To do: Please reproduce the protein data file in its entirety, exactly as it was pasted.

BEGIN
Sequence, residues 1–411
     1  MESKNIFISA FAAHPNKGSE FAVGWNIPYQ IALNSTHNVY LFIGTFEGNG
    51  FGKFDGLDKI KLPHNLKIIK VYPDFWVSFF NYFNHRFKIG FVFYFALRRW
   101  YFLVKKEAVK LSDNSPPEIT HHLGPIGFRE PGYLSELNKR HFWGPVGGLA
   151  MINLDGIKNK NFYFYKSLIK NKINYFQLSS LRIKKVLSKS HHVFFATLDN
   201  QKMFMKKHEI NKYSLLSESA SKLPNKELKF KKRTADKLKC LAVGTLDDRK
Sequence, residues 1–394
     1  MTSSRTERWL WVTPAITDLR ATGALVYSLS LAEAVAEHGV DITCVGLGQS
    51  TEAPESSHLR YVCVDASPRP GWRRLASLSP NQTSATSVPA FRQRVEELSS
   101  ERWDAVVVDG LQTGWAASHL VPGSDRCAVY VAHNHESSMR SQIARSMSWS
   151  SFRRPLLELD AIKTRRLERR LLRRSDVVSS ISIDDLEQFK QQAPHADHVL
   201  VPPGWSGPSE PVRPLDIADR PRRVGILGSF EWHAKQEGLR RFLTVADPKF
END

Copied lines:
Sequence, residues 1–411
     1  MESKNIFISA FAAHPNKGSE FAVGWNIPYQ IALNSTHNVY LFIGTFEGNG
    51  FGKFDGLDKI KLPHNLKIIK VYPDFWVSFF NYFNHRFKIG FVFYFALRRW
   101  YFLVKKEAVK LSDNSPPEIT HHLGPIGFRE PGYLSELNKR HFWGPVGGLA
   151  MINLDGIKNK NFYFYKSLIK NKINYFQLSS LRIKKVLSKS HHVFFATLDN
   201  QKMFMKKHEI NKYSLLSESA SKLPNKELKF KKRTADKLKC LAVGTLDDRK
Sequence, residues 1–394
     1  MTSSRTERWL WVTPAITDLR ATGALVYSLS LAEAVAEHGV DITCVGLGQS
    51  TEAPESSHLR YVCVDASPRP GWRRLASLSP NQTSATSVPA FRQRVEELSS
   101  ERWDAVVVDG LQTGWAASHL VPGSDRCAVY VAHNHESSMR SQIARSMSWS
   151  SFRRPLLELD AIKTRRLERR LLRRSDVVSS ISIDDLEQFK QQAPHADHVL
   201  VPPGWSGPSE PVRPLDIADR PRRVGILGSF EWHAKQEGLR RFLTVADPKF